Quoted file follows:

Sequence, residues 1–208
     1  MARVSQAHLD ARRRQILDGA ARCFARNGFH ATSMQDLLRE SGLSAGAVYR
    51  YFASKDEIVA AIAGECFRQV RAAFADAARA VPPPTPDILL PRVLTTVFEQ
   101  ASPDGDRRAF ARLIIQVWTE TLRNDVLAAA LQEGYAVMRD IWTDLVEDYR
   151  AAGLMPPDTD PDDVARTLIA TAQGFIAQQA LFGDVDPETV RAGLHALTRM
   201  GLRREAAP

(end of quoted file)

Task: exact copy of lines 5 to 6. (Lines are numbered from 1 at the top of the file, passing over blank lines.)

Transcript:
   151  AAGLMPPDTD PDDVARTLIA TAQGFIAQQA LFGDVDPETV RAGLHALTRM
   201  GLRREAAP